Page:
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Much has been written about the Post Office scandal especially in the wake of the ITV drama series Mr Bates vs The Post Office. The reaction has been extraordinary, especially since the story had already been widely publicised and the subject of a Parliamentary Enquiry. But as we listen to calls for those responsible to be held accountable and watch the government reaction, it is also important to take a calm and dispassionate look at the role of various stakeholders, and in particular the internal audit function.

Internal audit has been a pivotal player in the whole sorry tale. What was their role and what lessons can we learn? What can internal auditors do in future to prevent, detect, and mitigate such crises.

For anyone who is still unfamiliar with the case, the Post Office scandal unfolded as a catastrophic failure of financial controls, resulting in severe consequences for both individuals and businesses. Subpostmasters were wrongly accused of financial irregularities due to flaws in the Horizon accounting system, leading to legal battles, financial ruin, and a significant loss of public trust.

Internal auditors are tasked with identifying and assessing risks within an organization's financial systems. As we now know, the Horizon system was far from perfect, so we can conclude that there was risk. Why did the internal auditors not spot it? The answer to that may come out as enquiries continue, but a look at the most common reasons for failure in this area give us some pretty plausible explanations:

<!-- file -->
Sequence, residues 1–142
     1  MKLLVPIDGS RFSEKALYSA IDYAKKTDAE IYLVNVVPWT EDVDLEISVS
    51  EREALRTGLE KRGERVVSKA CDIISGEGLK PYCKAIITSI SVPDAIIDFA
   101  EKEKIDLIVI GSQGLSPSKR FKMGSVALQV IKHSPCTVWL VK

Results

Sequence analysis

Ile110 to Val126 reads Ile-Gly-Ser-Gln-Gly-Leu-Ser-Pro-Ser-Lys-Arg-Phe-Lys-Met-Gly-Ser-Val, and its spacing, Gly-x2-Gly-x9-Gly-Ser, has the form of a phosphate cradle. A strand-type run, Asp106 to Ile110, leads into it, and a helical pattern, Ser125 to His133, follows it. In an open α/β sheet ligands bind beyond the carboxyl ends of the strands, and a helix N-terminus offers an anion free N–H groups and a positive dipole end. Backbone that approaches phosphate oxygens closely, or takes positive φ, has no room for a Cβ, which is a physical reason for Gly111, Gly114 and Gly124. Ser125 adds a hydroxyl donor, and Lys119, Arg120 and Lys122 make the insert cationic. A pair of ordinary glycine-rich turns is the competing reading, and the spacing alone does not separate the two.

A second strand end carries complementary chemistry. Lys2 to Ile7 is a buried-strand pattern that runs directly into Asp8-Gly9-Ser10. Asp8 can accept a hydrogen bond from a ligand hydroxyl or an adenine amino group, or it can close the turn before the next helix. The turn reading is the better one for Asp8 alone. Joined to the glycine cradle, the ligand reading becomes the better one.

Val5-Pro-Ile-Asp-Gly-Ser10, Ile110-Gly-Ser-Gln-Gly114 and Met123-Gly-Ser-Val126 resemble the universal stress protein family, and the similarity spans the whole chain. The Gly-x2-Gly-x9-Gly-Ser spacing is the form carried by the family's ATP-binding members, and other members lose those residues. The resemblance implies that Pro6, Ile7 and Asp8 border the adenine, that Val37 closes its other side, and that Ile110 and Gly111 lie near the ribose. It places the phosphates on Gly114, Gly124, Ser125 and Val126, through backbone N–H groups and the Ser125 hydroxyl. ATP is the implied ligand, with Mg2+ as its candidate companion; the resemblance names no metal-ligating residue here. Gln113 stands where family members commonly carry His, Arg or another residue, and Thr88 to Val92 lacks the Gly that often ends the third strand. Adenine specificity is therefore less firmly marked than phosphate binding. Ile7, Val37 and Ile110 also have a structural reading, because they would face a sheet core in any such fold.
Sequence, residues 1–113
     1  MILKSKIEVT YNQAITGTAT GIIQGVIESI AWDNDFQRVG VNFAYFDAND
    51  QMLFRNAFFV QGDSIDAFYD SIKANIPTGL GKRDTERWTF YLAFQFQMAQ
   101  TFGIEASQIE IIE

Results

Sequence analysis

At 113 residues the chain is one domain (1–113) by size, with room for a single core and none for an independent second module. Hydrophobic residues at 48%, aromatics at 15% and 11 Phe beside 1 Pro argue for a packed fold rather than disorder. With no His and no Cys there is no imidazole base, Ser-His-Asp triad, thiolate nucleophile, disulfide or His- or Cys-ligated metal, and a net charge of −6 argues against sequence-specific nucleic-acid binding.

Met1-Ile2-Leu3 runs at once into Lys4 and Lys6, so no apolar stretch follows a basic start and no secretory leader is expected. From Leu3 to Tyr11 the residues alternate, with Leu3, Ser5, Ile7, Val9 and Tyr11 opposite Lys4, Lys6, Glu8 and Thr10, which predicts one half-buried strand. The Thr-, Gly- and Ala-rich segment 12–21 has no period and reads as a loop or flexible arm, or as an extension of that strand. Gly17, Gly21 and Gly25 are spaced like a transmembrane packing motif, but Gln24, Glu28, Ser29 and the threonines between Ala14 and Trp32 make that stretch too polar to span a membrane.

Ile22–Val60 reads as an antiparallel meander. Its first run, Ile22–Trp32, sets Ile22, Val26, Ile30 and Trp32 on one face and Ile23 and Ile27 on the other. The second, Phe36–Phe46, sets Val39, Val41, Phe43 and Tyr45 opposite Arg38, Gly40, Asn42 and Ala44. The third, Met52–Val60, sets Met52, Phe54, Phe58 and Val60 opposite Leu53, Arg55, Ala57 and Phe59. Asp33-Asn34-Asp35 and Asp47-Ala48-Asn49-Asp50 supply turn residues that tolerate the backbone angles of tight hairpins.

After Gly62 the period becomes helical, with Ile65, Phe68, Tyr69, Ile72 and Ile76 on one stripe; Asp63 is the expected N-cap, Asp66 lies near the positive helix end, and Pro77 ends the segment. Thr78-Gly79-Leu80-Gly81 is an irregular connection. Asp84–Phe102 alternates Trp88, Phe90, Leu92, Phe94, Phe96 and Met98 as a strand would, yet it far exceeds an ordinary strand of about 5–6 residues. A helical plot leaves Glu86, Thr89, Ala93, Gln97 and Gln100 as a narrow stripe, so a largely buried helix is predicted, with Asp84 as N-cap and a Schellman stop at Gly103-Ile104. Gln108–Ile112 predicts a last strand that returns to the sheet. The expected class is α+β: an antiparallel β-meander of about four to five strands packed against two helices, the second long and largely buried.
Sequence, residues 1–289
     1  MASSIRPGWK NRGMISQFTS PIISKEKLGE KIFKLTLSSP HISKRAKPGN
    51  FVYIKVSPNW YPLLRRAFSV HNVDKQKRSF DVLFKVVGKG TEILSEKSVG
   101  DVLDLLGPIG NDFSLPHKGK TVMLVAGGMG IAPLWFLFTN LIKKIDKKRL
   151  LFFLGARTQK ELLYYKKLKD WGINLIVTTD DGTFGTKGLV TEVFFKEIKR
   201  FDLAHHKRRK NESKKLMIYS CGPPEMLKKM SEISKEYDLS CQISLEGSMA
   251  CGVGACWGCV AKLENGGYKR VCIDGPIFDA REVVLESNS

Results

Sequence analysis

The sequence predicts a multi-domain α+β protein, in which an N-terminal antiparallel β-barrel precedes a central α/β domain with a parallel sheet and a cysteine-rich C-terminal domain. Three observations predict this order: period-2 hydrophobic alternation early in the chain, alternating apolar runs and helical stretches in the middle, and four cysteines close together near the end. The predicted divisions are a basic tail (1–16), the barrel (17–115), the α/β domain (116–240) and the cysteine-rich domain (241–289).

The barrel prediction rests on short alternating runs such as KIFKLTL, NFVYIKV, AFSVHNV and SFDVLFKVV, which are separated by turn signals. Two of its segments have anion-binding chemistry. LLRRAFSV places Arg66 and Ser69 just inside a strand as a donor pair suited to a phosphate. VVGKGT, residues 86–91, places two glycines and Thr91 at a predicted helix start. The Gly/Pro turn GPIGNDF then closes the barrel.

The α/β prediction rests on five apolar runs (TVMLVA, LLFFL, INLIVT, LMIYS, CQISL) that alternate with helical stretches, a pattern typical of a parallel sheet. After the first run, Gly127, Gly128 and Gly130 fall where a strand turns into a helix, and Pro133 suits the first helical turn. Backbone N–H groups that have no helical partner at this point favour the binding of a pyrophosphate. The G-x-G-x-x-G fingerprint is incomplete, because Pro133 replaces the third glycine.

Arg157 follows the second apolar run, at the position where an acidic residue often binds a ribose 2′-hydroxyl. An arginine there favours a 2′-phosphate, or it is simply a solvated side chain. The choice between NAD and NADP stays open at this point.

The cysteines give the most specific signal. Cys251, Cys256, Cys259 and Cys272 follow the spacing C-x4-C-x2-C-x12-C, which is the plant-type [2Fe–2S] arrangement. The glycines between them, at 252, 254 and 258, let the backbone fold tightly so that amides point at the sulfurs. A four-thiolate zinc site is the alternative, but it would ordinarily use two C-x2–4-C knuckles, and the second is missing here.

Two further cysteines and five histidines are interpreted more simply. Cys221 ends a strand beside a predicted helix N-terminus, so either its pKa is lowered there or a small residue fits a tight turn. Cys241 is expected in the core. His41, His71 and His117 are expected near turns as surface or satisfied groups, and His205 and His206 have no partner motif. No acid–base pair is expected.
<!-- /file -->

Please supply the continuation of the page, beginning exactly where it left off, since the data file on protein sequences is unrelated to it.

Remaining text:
• Inadequate understanding of technology
  • Limited expertise in forensic accounting
  • Over-reliance on automated controls
  • Insufficient resources and staffing
  • Lack of independence
  • Incomplete risk assessments
  • Inadequate training
  • Poor communication channels
  • Lack of data analytics capabilities
  • Complacency and routine auditing

There is little in the public domain about whether the risk assessments were adequate, although the outcome would suggest not, but I would lay money on all of the rest of the points here having at least some part to play.

I had one final, minor reaction, to the drama series. Surely every auditor knows that it is best to gain the trust of the people you are auditing. If you take a ‘them and us’ approach, they are unlikely to open up and you will not get a full picture of what they believe has happened. So it may well have been artistic licence on the part of the TV producers, but I for one was mortified to see the auditors turning at a series of tiny sub-post offices in little villages in a fleet of big shiny Mercedes.

There are all sorts of villains in this story, and the internal auditors may not have actually caused the problem, but they should have been more proactive in identifying risks, and in being sceptical about the integrity of the financial system. Add in a case of group think and a fair amount of confirmation bias and they really are not doing their job.

We should all reflect on what lessons we can learn from this scandal. Those involved in or responsible for internal audit functions should re-evaluate their internal audit processes and embrace a culture of accountability and transparency.

Alan Nelson is an author for accountingcpd. To see his courses, click here.

  1. Steph H
    Posted 12-Feb-2024 at
    I watched the documentary and found it hard to believe the number of failings and how long the scandal goes on for.
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